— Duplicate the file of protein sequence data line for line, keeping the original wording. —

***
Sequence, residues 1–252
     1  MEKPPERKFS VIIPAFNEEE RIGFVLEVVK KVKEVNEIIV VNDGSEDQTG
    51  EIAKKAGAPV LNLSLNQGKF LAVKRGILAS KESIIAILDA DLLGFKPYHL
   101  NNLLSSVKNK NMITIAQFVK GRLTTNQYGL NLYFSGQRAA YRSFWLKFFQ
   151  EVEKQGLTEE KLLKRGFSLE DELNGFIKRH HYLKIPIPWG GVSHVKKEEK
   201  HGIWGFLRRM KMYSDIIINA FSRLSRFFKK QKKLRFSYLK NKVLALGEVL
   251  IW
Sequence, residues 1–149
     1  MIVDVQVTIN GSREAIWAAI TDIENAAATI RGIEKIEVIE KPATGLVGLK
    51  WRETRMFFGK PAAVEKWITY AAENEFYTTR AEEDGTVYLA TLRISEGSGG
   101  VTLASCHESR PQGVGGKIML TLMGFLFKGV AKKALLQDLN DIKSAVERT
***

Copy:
Sequence, residues 1–252
     1  MEKPPERKFS VIIPAFNEEE RIGFVLEVVK KVKEVNEIIV VNDGSEDQTG
    51  EIAKKAGAPV LNLSLNQGKF LAVKRGILAS KESIIAILDA DLLGFKPYHL
   101  NNLLSSVKNK NMITIAQFVK GRLTTNQYGL NLYFSGQRAA YRSFWLKFFQ
   151  EVEKQGLTEE KLLKRGFSLE DELNGFIKRH HYLKIPIPWG GVSHVKKEEK
   201  HGIWGFLRRM KMYSDIIINA FSRLSRFFKK QKKLRFSYLK NKVLALGEVL
   251  IW
Sequence, residues 1–149
     1  MIVDVQVTIN GSREAIWAAI TDIENAAATI RGIEKIEVIE KPATGLVGLK
    51  WRETRMFFGK PAAVEKWITY AAENEFYTTR AEEDGTVYLA TLRISEGSGG
   101  VTLASCHESR PQGVGGKIML TLMGFLFKGV AKKALLQDLN DIKSAVERT